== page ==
Increases in the private-sector share of total domestic credit from 1984 were due to the growth of investments in the priority areas of assembly manufacturing and tourism despite tight credit conditions. The access to bank credit was generally dominated by large corporations, often irrespective of their credit worthiness or need for credit, mainly because of their superior “connections.” In addition to their assets in the domestic banking system, Dominicans held an estimated US$1 billion in accounts overseas, mainly in the United States.
The main sources of household finance in 1989 were 17 savings and loan associations and mortgage banks. Established since 1962, they represented 19 percent of the system’s financial assets and catered mostly to middle-income homebuyers, although they offered passbook savings, certificates of deposit, and collateralized loans as well. The National Housing Bank (Banco Nacional de la Vivienda–BNV) regulated the savings and loan institutions by imposing per-family lending ceilings. Fourteen mortgage banks, holding about ten percent of the system’s assets, served mostly upper income homeowners. The most prominent of these institutions was Banco Hipotecario Dominicano – BHD). Unlike the savings and loans associations, mortgage banks also financed the short-term needs of builders and medium-term and long-term commercial construction. Mortgage banks are regulated by both the Central Bank and BNV, but regulations imposed are less stringent than those applied to the savings and loan associations. Lower-income homebuyers obtain credit through Instituto Nacional de la Vivienda (National Housing Institute) and real estate finance companies (sociedades inmobiliarias).
The equivalents of private development finance companies -the financiers- controlled six percent of the national assets, and were instrumental in the financing of medium-term and long-term investment in priority sectors. Established in 1966, the number of financiers had grown from eight in 1970 to twenty-five by 1989. They issued stocks and funded bonds, guaranteed by government financial institutions, to mobilize capital in major development projects in agribusiness, industry, transportation, and tourism. In addition, they provided technical assistance to borrowers, and guaranteed the liabilities of others. Increased government regulation of the small financiers, especially in the area of currency speculation, forced many to close in the late 1980s.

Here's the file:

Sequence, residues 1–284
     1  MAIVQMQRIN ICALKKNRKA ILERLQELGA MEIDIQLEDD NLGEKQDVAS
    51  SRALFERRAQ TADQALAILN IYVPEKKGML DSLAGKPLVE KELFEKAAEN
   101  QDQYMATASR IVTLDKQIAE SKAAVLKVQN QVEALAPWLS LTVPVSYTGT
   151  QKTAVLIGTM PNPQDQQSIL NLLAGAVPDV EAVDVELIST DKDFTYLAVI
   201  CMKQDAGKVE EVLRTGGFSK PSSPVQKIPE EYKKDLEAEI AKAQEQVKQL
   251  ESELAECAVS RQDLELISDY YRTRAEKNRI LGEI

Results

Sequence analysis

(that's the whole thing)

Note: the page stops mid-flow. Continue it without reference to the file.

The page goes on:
The following played a relatively minor role in the financial system: BNV, providing some housing-related finance; Corporación Financiera Industrial, playing a smaller role than its name suggested, and Banco Agrícola (Agricultural Bank of the Dominican Republic or Bagricola by its acronym), which was an important creditor. Through its thirty branch offices, Bagricola covered small countryside farmers. The bank’s importance, however, declined early in the 1980s due to high unsettled debts, but it rebounded in the late 1980s through greater autonomy, and by mobilizing capital for the first time through savings accounts.